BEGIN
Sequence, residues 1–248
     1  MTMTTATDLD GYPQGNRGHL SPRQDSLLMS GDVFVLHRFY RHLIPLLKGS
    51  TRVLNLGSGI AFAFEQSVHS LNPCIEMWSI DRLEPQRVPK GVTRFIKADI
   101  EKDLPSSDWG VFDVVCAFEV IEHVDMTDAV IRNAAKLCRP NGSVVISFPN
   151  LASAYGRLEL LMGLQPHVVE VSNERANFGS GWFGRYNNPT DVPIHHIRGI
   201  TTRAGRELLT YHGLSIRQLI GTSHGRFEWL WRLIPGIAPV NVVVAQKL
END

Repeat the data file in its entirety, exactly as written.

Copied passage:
Sequence, residues 1–248
     1  MTMTTATDLD GYPQGNRGHL SPRQDSLLMS GDVFVLHRFY RHLIPLLKGS
    51  TRVLNLGSGI AFAFEQSVHS LNPCIEMWSI DRLEPQRVPK GVTRFIKADI
   101  EKDLPSSDWG VFDVVCAFEV IEHVDMTDAV IRNAAKLCRP NGSVVISFPN
   151  LASAYGRLEL LMGLQPHVVE VSNERANFGS GWFGRYNNPT DVPIHHIRGI
   201  TTRAGRELLT YHGLSIRQLI GTSHGRFEWL WRLIPGIAPV NVVVAQKL